We Can’t Ignore Allegations Against Biden

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ALEX BRANDON/AP PHOTO

Kirby Goodman, News Editor

I was 17 when Donald Trump was elected over Hillary Clinton in 2016. Just a few months shy of voting age, I was shocked, disappointed and afraid for what Trump’s presidency meant for our country. Now, it is hard to express how disheartened and morally compromised I feel that I must vote for Joe Biden, an alleged perpetrator, in my first presidential election. 

Tara Reade, a former staffer for Joe Biden, recently came forward with allegations of sexual assault against Biden. Her account of the assault is emotional, graphic and heartbreaking—but the silence on both sides of the political spectrum is deafening. I thought believing survivors meant believing all survivors, not just when doing so is convenient or affirms our existing beliefs about one’s character. 

I’m tired of the excuses that sexual assault allegations are too difficult to prove and that they happened too long ago to matter. Reade said nobody witnessed her assault and it happened in 1993. But she said she was assaulted, and I believe her. 

Our criminal justice system is ridden with barriers that diminish the experiences of survivors and often prevent them from reporting in the first place. Nondisclosure agreements silence survivors and protect the careers of powerful perpetrators. The rule of law ignores the psychologically proven impacts of trauma to deem uncredible survivors’ emotional stories of assault. Systemic racism plagues the system and further exacerbates the disproportionate impact of sexual assault on low income and minority communities.

But Biden is so much better than Trump, many argue. I agree. But that’s not the point. 

We normalize rape culture in our failure to acknowledge the allegations against Biden. A rape culture that disproportionately impacts people of color, low income and LGBTQ+ identified persons—one connected to a long history of slavery, racism, colonization, sexism, homophobia, classism and ableism in our country. A rape culture we know all too well on our own campus.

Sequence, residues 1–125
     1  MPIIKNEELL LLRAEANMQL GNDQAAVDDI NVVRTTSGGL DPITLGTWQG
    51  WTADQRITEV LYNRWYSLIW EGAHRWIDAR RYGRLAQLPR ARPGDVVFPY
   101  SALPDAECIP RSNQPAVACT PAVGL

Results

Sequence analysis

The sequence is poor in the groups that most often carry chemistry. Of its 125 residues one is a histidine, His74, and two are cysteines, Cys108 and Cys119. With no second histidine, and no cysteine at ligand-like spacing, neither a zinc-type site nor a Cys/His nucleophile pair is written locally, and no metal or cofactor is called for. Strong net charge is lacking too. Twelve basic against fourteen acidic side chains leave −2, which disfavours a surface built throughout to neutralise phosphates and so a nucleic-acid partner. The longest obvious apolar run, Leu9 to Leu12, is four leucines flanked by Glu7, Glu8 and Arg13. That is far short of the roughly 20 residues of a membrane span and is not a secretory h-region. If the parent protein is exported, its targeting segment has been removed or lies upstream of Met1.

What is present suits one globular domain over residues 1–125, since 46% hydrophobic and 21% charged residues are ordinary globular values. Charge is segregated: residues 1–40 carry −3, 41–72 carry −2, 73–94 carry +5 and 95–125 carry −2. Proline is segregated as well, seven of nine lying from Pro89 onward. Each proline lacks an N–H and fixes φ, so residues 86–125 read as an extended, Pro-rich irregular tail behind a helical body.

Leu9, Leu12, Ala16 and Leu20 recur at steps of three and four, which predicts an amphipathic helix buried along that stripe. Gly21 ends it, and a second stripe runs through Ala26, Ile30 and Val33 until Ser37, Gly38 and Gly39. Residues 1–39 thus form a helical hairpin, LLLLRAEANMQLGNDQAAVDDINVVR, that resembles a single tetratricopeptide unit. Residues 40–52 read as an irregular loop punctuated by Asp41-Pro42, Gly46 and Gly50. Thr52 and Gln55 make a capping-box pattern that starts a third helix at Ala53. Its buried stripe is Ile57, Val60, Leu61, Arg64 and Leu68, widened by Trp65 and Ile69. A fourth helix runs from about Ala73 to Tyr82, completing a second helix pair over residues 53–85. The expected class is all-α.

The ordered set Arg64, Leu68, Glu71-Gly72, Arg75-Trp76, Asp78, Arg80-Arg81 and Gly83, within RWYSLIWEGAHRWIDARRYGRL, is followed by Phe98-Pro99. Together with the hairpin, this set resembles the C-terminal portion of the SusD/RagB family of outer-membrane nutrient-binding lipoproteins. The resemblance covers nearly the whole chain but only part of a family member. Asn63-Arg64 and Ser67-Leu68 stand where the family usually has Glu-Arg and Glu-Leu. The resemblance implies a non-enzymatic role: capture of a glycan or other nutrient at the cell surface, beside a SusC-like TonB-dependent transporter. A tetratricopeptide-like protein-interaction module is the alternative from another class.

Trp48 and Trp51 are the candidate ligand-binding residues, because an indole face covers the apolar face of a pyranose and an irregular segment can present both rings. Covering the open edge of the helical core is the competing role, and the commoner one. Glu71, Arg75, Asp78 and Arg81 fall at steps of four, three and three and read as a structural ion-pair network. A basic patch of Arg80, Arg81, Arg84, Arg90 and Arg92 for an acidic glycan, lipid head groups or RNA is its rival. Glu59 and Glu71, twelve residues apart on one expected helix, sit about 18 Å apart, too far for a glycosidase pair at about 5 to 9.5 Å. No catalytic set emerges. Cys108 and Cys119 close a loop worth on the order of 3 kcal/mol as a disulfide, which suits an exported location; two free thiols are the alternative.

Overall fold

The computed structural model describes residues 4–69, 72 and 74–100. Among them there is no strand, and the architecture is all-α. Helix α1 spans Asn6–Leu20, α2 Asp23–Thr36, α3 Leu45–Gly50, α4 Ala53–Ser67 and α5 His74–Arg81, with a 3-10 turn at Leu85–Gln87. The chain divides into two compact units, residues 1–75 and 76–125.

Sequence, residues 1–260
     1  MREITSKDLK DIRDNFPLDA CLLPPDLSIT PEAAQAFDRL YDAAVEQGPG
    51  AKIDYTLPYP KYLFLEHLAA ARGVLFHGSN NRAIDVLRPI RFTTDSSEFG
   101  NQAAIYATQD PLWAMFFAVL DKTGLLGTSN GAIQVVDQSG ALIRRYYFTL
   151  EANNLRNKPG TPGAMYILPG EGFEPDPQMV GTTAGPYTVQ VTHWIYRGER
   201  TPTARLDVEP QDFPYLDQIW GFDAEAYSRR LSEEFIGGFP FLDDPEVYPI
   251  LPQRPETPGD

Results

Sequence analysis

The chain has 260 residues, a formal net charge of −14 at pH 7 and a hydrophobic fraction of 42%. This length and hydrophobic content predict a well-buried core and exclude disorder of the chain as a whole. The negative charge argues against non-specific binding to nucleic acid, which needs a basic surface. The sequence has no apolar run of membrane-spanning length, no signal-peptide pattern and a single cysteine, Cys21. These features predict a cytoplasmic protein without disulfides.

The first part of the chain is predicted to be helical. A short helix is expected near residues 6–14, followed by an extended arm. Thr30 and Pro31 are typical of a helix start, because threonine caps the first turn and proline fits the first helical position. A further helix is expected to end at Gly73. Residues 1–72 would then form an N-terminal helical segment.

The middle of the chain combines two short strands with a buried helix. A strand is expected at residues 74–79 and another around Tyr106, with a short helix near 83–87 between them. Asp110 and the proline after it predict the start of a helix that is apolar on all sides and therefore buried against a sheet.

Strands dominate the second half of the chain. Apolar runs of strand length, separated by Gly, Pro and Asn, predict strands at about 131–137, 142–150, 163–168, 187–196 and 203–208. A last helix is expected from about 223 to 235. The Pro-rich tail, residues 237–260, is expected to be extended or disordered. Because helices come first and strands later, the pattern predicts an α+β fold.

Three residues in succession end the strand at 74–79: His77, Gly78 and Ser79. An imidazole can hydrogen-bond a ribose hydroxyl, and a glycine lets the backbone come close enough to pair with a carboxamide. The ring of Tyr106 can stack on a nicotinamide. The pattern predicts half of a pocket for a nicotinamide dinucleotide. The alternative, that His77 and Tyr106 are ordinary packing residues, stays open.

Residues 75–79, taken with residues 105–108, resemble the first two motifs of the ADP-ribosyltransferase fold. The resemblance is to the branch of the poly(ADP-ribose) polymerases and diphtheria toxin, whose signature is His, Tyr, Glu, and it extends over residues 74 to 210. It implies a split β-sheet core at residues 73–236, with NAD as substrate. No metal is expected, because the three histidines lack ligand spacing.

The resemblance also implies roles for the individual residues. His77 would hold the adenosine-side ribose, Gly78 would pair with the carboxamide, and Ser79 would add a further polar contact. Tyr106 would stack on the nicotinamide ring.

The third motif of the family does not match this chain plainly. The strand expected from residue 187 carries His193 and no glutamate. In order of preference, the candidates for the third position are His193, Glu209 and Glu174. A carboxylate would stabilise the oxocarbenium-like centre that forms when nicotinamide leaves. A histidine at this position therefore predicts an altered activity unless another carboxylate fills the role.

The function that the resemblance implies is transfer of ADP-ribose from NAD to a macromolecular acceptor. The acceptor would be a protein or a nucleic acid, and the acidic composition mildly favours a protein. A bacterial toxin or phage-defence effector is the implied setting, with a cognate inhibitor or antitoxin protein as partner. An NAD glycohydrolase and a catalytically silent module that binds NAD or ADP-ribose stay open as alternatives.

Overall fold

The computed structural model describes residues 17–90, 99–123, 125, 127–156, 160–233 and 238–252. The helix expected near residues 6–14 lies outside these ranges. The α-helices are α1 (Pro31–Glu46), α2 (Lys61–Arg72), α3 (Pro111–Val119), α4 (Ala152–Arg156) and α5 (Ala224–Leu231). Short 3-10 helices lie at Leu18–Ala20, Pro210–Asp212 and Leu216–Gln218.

I’m disheartened by my fellow Democrats who chose to turn a blind eye to the allegations against Biden. Silence on allegations against one of our own does more to undermine what the party stands for than acknowledging wrongdoing.

I’m disheartened by the many news organizations I trust to report equitably and accurately, who have too ignored Biden’s allegations. While many have begun to acknowledge accusations over the past few days amid growing pressure, they waited weeks to do so. The New York Times, CNN, The Washington Post and The Wall Street Journal, among others—you need to do better.

We have fallen short of our duty as a country to shed light on these allegations amid a pandemic that has trapped survivors in dangerous situations of domestic and sexual abuse. Lack of acknowledgment undermines the tireless work of the #MeToo movement that has exposed our widespread crisis of sexual harassment and violence, prompted the investigative journalism by the New York Times that put Harvey Weinstein behind bars indefinitely, brought solidarity to survivors through social media and sparked legislation that has begun to reform our broken justice system.

Voting is supposed to make you feel proud to express your voice what the future of local, state and national policy and leadership should look like. I feel far from that knowing it’s in my, and our country’s best interest to vote for Joe Biden in November. 

However, we must take these allegations seriously if we ever want to dismantle the systems of oppression that have allowed for men to escape the consequences of their behavior, while survivors’ experiences are silenced, their voices deemed irrational and uncredible.

The alleged perpetrator in office right now is not an anomaly, but rather the product of a history of devaluing, degrading and silencing women and minority voices. We must make thoughtful and informed voting decisions given the candidates we have in November, but we also must work diligently to dismantle the cultures that have put us in this position—ones that certainly prevail on our campus.